Barking Growling And Howling

Do you understand what your dog”s barking means? Is Buster determined to annoy the neighbors or is he angry about something? Should you assume that her growling indicates that Lady”s about to tear an arm off your mailman? Do all dogs start howling the minute they hear a siren or see a full moon?

In fact, dogs use vocalizations such as barking, growling and howling to express themselves. Other vocalizations include whining, yelping and even sharp cries.

Dog Barking

As you get to know your dog, you become good at interpreting the meaning of his barking. For instance, the bark that signals the approach of a stranger differs from the bark that requests playtime.

You can usually trust that your dog”s bark is a signal that he”s trying to alert you to potential danger. For instance, if there”s a knock at the door and your dog is outside barking in an array of snarls and growls, you can be sure that it”s not your mother-in-law popping round for an impromptu visit . . . unless you”ve trained him that way, of course.

Incessant barking in the back yard in the middle of the night is unacceptable. Neighbors are likely to complain and the police may show up at your door. Some dogs bark continuously simply because they”re bored. If you can”t find a solution to this problem, you should plan to keep him indoors and out of trouble.

Howling

Howling is as instinctive as barking for most dogs. Wolves and coyotes, your dog”s ancestors, howl to communicate with the pack. This type of communication is necessary for their survival. Unfortunately, many domestic dogs retain the instinct to howl.

Dogs typically howl in response to a trigger such as a siren or another dog”s howling. The secret is to notice your dog”s triggers and check him when they occur. If he starts, stop him, then praise him. If he ignores them altogether, praise him all the more.

If you”re not at home to stop him and he”s prone to the odd singsong, you may have to live with the fact that your neighbors are going to hate you.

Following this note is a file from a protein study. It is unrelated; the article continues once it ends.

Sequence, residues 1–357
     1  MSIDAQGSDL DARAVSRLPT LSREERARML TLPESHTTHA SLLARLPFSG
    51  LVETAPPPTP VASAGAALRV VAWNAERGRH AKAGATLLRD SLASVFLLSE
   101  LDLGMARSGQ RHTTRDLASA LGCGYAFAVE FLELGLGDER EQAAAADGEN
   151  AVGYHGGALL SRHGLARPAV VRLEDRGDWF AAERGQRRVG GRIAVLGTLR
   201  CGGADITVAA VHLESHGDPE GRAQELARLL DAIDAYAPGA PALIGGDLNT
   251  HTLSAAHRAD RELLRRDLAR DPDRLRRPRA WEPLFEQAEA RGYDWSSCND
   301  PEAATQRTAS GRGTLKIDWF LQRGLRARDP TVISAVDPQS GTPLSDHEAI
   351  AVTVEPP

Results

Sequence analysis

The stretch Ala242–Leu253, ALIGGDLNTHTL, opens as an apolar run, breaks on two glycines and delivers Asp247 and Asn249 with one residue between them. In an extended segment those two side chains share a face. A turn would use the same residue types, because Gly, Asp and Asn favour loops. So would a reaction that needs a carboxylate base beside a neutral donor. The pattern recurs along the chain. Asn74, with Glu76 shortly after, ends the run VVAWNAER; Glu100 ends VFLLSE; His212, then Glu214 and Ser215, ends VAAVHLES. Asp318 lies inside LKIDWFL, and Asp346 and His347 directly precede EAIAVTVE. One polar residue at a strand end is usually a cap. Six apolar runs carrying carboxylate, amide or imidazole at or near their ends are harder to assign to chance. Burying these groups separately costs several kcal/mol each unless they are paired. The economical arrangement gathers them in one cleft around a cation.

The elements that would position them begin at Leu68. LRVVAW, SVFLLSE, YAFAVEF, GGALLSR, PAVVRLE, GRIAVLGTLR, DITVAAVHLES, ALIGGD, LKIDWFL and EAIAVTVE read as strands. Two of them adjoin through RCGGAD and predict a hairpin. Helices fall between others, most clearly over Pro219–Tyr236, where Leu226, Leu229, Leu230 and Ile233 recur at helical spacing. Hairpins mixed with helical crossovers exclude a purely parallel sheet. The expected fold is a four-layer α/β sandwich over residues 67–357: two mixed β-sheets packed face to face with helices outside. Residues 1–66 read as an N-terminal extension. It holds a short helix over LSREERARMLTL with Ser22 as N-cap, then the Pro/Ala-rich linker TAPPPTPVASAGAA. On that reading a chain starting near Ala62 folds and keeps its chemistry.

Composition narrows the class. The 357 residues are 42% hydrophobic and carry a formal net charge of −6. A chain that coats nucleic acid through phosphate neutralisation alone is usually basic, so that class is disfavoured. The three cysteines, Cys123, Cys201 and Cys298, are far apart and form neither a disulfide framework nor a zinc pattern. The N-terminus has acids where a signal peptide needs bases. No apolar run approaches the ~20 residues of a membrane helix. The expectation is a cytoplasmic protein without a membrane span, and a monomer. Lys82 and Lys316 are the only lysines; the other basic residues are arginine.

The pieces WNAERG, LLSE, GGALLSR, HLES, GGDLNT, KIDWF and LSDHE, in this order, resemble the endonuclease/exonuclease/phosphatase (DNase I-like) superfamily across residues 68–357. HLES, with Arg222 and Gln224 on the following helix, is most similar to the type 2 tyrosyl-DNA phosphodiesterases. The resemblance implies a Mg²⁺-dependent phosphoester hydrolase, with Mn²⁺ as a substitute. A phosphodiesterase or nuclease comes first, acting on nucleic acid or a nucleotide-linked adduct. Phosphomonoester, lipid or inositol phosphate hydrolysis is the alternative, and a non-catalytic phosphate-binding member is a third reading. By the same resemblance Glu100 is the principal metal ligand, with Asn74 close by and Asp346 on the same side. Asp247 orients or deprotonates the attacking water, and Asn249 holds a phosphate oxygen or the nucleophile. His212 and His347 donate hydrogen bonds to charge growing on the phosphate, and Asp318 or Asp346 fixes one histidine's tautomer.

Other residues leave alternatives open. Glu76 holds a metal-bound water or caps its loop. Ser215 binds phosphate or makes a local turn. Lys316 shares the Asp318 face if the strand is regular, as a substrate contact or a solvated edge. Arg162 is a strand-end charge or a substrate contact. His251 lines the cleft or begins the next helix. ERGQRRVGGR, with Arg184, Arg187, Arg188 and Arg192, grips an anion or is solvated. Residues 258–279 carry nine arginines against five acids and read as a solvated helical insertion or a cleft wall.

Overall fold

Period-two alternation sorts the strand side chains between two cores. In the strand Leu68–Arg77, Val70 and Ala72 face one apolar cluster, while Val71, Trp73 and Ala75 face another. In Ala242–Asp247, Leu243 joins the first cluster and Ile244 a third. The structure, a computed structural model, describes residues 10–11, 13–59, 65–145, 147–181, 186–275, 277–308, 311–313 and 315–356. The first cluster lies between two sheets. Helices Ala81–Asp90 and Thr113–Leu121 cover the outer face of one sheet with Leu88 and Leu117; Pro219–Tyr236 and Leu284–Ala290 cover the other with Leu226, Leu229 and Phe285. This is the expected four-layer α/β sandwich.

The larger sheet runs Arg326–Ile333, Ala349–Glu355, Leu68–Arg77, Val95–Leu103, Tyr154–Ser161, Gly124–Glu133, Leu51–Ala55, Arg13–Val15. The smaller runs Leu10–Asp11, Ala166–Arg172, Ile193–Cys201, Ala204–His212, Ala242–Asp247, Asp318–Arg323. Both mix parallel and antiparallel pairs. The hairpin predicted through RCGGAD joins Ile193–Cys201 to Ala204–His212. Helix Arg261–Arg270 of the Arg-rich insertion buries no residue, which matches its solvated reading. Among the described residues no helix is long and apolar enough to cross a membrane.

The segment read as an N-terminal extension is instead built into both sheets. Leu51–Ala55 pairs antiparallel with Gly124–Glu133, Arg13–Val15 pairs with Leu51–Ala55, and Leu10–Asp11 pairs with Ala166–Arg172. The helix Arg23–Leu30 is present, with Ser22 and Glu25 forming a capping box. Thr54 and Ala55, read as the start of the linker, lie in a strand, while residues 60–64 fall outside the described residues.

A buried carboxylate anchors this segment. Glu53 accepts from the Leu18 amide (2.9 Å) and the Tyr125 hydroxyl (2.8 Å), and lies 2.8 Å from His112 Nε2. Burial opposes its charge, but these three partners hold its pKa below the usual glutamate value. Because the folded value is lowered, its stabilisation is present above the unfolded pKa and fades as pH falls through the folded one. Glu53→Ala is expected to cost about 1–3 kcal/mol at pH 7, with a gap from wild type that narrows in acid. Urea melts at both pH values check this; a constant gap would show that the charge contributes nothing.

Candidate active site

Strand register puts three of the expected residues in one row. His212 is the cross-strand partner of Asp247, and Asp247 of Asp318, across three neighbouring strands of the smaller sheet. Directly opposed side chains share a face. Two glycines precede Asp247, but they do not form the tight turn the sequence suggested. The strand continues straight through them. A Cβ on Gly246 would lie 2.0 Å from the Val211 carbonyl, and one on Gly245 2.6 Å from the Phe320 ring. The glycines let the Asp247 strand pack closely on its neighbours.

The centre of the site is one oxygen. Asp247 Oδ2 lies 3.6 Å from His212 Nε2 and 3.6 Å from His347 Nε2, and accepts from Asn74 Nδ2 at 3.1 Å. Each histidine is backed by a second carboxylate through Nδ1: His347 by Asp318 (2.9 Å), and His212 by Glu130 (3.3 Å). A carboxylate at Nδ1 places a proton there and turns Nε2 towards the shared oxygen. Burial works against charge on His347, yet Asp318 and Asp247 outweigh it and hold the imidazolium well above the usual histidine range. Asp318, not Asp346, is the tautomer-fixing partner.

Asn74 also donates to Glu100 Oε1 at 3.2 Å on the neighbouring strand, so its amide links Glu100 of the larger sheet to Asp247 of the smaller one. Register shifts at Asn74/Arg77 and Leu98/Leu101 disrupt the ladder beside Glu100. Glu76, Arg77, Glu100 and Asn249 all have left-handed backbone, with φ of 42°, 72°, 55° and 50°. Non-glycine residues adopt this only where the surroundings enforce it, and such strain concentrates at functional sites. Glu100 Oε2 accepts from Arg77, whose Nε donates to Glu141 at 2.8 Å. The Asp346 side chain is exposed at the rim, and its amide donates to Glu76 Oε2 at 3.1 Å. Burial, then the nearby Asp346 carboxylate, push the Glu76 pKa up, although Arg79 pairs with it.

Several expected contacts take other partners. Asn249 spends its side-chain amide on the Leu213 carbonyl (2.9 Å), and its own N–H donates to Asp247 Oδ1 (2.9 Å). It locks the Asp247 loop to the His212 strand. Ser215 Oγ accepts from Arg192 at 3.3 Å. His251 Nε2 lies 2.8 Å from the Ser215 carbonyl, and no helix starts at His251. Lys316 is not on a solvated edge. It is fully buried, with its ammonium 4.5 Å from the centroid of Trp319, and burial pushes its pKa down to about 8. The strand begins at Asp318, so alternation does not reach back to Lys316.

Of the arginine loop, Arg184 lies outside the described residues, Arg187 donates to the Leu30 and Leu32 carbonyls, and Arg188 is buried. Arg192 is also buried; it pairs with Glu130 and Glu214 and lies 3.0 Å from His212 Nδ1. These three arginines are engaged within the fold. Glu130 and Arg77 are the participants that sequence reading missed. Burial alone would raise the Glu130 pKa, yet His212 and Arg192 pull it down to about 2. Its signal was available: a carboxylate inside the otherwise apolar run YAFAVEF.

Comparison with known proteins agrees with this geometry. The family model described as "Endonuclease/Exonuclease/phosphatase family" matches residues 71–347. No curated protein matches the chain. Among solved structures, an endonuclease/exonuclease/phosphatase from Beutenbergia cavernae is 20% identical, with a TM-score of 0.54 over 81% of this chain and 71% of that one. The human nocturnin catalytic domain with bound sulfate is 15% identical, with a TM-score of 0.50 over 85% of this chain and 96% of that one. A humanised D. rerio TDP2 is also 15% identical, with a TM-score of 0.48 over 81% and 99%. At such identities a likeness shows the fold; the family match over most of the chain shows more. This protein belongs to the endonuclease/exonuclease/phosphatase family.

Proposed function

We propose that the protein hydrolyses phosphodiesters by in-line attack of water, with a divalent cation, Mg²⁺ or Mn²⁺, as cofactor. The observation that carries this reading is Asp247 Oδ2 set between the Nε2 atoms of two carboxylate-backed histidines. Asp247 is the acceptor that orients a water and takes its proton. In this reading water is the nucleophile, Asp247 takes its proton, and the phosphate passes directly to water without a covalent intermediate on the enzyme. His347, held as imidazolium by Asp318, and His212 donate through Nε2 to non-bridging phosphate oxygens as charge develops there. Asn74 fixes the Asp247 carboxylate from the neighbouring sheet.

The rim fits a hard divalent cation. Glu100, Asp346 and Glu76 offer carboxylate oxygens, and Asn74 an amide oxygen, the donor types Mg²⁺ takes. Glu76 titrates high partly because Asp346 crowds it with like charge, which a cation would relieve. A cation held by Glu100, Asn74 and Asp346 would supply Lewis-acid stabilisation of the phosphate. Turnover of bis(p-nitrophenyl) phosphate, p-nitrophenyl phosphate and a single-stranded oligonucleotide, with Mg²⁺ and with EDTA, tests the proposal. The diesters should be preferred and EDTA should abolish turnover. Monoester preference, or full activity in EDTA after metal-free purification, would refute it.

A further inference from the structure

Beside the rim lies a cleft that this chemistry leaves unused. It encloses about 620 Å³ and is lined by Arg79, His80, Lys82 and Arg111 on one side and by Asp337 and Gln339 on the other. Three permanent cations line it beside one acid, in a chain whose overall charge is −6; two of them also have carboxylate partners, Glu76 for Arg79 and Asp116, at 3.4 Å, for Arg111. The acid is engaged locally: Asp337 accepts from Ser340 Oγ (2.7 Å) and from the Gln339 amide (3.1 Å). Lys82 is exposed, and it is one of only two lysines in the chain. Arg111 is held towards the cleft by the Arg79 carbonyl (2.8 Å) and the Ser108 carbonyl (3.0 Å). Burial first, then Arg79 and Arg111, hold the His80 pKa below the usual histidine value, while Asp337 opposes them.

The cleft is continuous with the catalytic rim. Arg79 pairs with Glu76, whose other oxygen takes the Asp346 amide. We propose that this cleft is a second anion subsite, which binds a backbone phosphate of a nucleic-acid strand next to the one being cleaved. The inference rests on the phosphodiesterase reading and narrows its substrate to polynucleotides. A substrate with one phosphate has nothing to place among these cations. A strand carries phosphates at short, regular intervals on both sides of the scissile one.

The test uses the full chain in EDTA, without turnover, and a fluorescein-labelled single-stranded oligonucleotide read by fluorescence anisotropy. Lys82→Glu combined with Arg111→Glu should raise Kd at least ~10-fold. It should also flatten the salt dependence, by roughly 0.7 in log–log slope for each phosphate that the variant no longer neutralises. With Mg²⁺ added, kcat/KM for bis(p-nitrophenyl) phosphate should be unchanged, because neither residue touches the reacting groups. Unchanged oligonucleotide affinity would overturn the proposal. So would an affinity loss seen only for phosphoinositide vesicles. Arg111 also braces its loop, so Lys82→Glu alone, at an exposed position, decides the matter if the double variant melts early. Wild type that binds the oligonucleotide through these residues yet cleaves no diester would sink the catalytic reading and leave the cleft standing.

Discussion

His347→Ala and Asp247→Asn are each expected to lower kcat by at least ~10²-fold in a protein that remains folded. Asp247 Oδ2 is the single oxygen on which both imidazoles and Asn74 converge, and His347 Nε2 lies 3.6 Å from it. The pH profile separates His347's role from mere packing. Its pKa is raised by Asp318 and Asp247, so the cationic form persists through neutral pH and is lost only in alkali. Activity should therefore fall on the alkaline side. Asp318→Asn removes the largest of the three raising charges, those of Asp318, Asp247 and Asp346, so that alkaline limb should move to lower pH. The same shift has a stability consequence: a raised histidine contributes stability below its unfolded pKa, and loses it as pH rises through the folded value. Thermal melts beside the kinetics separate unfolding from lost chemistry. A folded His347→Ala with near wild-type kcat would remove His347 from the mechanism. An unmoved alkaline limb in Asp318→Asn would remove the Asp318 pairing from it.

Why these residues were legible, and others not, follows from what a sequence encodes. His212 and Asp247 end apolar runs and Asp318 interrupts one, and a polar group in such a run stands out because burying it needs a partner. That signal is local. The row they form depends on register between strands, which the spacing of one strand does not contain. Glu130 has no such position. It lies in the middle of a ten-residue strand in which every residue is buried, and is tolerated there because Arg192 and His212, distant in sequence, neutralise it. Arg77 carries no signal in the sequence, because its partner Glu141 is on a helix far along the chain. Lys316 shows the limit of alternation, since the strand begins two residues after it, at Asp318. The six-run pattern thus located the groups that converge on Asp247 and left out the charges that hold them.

Growling

Most people assume that growling is a sign of aggression in a dog. This isn”t always the case, but should always get your attention.

Most dogs have an entire repertoire of throaty vocalizations that cover their many moods: happiness, sadness, anxiety, fear, pain or protest. The idea is to understand the message your dog is trying to convey and respond accordingly. For example, if the two of you are involved in a tug-of-war game over a desired toy and your dog growls in mock ferocity, as long as it is just a game, he”s unlikely to suddenly start gnashing through your right arm.

On the other hand, if your dog growls at the presence of another dog, give him a quick tap on the snout and a sharp word that confirms your authority. Of course, if he growls before lunging forward and devouring the approaching dog, you may have to adjust your processing of the signs he”s giving you.

Sometimes submissive pets growl when approached. This requires some confidence training from you to show them what does and does not deserve this behavior.

Yelping and Other Vocalizations

Your dog may utter a quick yelp if you step on his tail or a bee bites his nose. Typically, yelping is a pain reaction. Continued yelping may indicate that your dog is in pain. Call your veterinarian immediately.

Some dogs whine more than others. This is a holdover from puppyhood. When puppies fear that they”ve been separated from their mothers, they use the whine as a vocal signal so they can be reunited with the family.

Habitual whining may be an indication that your dog has trained you to respond to his wishes: “I”d like to get out of this crate now,” or “Please feed me.” Any positive response is likely to reinforce the whining.

To extinguish excessive whining, command your dog to stop whining and praise him when he does. Respond to his request to go out or play only when the whining stops.

Depending on their breed, some dogs tend to cry, whimper or vocalize in a variety of ways. I once had a Labrador retriever who held entire conversations in a sort of throaty moan whenever she got special attention. This was clearly an expression of joy that could be a prelude to happy barking. She also developed an insistent whine accompanied by urgent pawing when our other dog was having a seizure.

If you observe your dog”s behavior carefully, you”ll eventually be able to correctly interpret her vocalizations and the urgency of her requests.